It's good to know that at least one print media executive isn't going down without a fight.

New York Times (NYSE:NYT) executive editor Bill Keller spoke at Stanford yesterday and let it rip on his company's news-serving rivals.

According to Politico.com, his shots included calling CNN's set a "a parody of a Daily Show parody" and wondering if Newsweek will have to change its name now that the weekly magazine is emphasizing features over breaking news.

He even took a few shots at General Motors (NYSE:GM), suggesting that readers have offered donations to keep the company's namesake paper alive. It's something that Keller doesn't see happening at GM.

However, the editor saved his biggest zinger for Google (NASDAQ:GOOG) and its efforts to become a one-stop hub for content aggregation with its Google News site.

"If you're inclined to trust Google as your source for news, Google yourself," he said.

It's not a fair shot, of course. As a news aggregator site, Google simply links to the online articles written by reputable news sites.

And taking Keller up on his challenge, I decided to punch in "Bill Keller" into a Google search query to see what vile misinformation I would find. The third link down was to Keller's official bio on NYTimes.com, complete with an invitation to discuss Keller's columns in an online forum.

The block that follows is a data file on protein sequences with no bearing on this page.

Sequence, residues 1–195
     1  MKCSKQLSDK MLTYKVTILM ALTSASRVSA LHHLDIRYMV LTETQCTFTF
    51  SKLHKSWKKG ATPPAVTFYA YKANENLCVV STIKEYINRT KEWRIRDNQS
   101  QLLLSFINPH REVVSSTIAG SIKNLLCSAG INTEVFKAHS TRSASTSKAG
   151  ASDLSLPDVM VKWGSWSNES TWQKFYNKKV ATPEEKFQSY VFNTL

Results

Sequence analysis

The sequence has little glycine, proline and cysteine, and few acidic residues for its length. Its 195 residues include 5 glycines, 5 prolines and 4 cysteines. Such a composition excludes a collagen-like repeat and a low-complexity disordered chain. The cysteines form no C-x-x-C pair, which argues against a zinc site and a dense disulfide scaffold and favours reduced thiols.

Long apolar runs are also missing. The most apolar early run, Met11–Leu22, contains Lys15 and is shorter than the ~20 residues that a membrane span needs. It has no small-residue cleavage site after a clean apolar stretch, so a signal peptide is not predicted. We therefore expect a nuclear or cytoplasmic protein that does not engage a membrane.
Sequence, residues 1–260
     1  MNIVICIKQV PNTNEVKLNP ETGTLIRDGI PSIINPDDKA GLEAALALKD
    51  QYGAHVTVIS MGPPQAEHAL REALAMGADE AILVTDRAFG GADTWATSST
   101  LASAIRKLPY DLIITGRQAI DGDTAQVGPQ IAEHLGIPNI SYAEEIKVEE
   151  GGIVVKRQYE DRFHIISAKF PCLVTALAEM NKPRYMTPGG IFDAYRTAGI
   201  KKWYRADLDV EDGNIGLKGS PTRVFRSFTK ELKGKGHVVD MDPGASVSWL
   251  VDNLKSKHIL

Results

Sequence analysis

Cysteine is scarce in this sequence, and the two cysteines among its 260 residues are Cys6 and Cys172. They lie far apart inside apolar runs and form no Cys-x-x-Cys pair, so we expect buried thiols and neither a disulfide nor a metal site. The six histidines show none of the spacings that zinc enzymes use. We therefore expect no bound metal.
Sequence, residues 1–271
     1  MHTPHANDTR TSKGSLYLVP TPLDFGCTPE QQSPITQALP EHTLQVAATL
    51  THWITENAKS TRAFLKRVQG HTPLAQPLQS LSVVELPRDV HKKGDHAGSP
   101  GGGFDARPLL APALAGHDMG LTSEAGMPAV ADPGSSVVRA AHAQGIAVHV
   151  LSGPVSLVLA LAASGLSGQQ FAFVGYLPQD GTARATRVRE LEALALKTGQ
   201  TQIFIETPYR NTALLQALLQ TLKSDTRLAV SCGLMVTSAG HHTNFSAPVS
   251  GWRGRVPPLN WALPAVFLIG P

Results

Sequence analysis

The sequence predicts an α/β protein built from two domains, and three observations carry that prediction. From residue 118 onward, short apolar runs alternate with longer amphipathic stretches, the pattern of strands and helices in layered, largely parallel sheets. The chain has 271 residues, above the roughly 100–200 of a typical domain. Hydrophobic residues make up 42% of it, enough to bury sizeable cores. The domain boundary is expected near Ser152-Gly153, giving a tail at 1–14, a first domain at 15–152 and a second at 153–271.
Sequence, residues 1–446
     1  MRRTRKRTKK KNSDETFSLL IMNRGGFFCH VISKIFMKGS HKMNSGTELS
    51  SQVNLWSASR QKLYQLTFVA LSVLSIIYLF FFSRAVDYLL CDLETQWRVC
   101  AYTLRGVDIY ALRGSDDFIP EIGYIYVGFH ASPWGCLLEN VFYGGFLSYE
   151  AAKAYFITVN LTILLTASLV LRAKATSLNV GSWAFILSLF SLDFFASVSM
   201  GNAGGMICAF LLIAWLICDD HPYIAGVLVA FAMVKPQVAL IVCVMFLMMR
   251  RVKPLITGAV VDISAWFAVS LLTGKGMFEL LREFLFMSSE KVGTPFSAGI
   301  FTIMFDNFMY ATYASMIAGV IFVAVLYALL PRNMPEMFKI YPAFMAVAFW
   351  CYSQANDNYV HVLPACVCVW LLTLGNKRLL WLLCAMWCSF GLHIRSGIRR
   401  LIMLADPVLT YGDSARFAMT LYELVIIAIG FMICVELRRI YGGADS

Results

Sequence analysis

Google may be a threat to New York Times, but it isn't necessarily an enemy.   

Google isn't the reason why every major newspaper company, save for Washington Post (NYSE:WPO), is trading in the single digits these days. Google is not the reason why print media companies haven't been able to monetize their sites as effectively as they once cashed in with their offline circulation.

So, who can we blame? The Internet delivers news -- imperfect news, at times -- in a cheaper, quicker, and more effective manner. It is also way more interactive. Online advertising is priced according to what local leads are worth to sponsors, and it's immediately accountable, so maybe it's indicative of how old-school advertisers have been overpaying for their exposure. 

Keller is wrong for shooting the messenger. However, just the fact that someone from the print media realm is taking aim in the first place is encouraging. Even if the words are deep-fried in irony because we are reading the jabs online, at least they are being said.

Other signs of the Times:

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Longtime Fool contributor Rick Munarriz doesn't mind getting ink on his hands when he reads the morning paper, but he is starting to wonder why it's yesterday's news. He does not own shares in any of the companies in this story. He is also part of the Rule Breakers newsletter research team, seeking out tomorrow's ultimate growth stocks a day early. The Fool has a disclosure policy.